Posted 22nd April 2022
Seeing a fox in the countryside is always a treat. While foxes are doing okay in towns and cities, and they are often quite visible, in the countryside their numbers are in steady decline due to several factors. Hunting and shooting certainly take their toll. Hunts are still illegally hunting and killing foxes, and the availability of night vision sights means anyone with a gun can shoot foxes all year round. Added to these pressures, the crash in the rabbit population, caused by various man-made diseases, means there is less food for fox cubs to feed on and so many will starve.
Last year was an unusual one for lots of reasons, but true to form, at the end of May, the first fox cubs started to appear on the League’s reserves. The annual appearance of fox cubs is always a cause for celebration and on Baronsdown the challenge is to find out which of the many earths they are using. Last year I searched high and low for a breeding earth, but in the end, I had to admit defeat. Nowhere could I find the tell-tale signs that meant there were fox cubs in residence. So, imagine my relief as I walked through the reserve one early June afternoon and there in front of me were three fox cubs playing on the track. They certainly had outfoxed me.
Over the next couple of weeks, I saw the cubs on a few occasions in the same area, but I never saw an adult fox. Then one day at the end of June, I looked out of my kitchen window to see a pair of fox cubs clearing up the seed under my bird feeders. I was amazed. I had seen the occasional fox passing through the garden in the past, but I had never seen cubs before.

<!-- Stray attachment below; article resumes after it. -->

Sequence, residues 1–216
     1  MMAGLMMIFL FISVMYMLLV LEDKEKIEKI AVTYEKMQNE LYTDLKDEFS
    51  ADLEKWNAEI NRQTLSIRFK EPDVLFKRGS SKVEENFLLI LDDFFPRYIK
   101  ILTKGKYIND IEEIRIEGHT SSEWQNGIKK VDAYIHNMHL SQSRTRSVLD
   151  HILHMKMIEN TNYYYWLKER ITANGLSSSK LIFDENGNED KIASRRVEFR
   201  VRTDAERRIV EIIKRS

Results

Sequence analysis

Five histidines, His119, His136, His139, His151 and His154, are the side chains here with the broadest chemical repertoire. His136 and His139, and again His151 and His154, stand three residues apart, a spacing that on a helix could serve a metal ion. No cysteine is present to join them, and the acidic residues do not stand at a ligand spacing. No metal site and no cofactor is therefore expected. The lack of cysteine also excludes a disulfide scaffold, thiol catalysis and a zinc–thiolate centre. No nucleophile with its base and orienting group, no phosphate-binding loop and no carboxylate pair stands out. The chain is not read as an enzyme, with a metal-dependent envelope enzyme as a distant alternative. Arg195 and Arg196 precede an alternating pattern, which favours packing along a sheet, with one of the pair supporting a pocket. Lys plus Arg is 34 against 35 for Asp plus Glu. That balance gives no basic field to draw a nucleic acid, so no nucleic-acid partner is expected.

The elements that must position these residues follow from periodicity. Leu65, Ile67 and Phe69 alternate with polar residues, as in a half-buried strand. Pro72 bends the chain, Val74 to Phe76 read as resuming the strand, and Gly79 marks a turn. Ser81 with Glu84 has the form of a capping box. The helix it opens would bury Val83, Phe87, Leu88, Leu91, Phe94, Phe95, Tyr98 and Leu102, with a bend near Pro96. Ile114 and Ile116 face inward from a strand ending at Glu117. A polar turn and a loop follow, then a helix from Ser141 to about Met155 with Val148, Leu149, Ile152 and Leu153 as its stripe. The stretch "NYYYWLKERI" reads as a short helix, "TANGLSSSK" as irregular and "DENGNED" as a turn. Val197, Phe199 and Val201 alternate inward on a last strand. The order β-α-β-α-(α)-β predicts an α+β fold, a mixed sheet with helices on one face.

Our vulpine visitors were a daily sight in the following days, and I could only conclude that the adults had died, and the cubs were hungry. One particular cub, with a large white tip to its tail, showed almost no fear of me. This gave me mixed emotions. It was a privilege to have a fox cub trust me in this way, but I knew if it did the same to one of our neighbours it would probably be the last thing it did. Research into fox behaviour shows that the underdog in a litter of cubs is sometimes forced to abandon its usual wariness in order to survive. This leads to stories of tame foxes being dumped in the countryside.
I continued to see the fox cub around the reserve for the next few weeks, but eventually its natural instincts kicked in and I didn’t see it again. I hope it is still here on Baronsdown and whenever a fox shows up on the trail cameras set around the reserve, I look for a white tip on its tail and I wonder whether it is ‘my’ fox. At least I have the photographs of our encounters to remind me of the special times together I enjoyed last summer. Foxes really are a cause for celebration.